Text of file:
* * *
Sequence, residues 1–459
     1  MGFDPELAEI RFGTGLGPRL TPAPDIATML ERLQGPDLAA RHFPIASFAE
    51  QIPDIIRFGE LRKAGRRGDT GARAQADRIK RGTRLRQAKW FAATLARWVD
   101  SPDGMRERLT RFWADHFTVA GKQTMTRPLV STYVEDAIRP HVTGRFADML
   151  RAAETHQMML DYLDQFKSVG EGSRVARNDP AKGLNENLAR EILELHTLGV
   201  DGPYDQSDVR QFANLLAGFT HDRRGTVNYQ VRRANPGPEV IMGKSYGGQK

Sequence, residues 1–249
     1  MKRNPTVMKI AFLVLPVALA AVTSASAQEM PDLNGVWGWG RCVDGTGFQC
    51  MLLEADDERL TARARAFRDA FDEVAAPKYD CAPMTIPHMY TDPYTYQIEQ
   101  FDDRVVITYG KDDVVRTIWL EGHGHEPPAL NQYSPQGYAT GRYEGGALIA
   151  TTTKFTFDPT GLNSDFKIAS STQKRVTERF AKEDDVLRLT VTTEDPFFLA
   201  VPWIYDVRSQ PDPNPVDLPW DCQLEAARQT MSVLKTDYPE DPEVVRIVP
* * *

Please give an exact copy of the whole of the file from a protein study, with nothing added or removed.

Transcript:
Sequence, residues 1–459
     1  MGFDPELAEI RFGTGLGPRL TPAPDIATML ERLQGPDLAA RHFPIASFAE
    51  QIPDIIRFGE LRKAGRRGDT GARAQADRIK RGTRLRQAKW FAATLARWVD
   101  SPDGMRERLT RFWADHFTVA GKQTMTRPLV STYVEDAIRP HVTGRFADML
   151  RAAETHQMML DYLDQFKSVG EGSRVARNDP AKGLNENLAR EILELHTLGV
   201  DGPYDQSDVR QFANLLAGFT HDRRGTVNYQ VRRANPGPEV IMGKSYGGQK

Sequence, residues 1–249
     1  MKRNPTVMKI AFLVLPVALA AVTSASAQEM PDLNGVWGWG RCVDGTGFQC
    51  MLLEADDERL TARARAFRDA FDEVAAPKYD CAPMTIPHMY TDPYTYQIEQ
   101  FDDRVVITYG KDDVVRTIWL EGHGHEPPAL NQYSPQGYAT GRYEGGALIA
   151  TTTKFTFDPT GLNSDFKIAS STQKRVTERF AKEDDVLRLT VTTEDPFFLA
   201  VPWIYDVRSQ PDPNPVDLPW DCQLEAARQT MSVLKTDYPE DPEVVRIVP